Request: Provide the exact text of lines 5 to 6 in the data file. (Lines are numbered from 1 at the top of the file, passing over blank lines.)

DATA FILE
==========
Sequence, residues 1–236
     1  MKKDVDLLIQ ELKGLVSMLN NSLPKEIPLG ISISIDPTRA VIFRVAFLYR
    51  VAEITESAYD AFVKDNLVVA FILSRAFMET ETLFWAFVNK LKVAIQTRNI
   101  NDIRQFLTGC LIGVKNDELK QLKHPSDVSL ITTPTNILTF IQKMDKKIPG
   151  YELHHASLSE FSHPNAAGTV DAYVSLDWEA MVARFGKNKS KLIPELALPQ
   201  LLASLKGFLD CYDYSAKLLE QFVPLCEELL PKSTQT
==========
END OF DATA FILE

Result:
   151  YELHHASLSE FSHPNAAGTV DAYVSLDWEA MVARFGKNKS KLIPELALPQ
   201  LLASLKGFLD CYDYSAKLLE QFVPLCEELL PKSTQT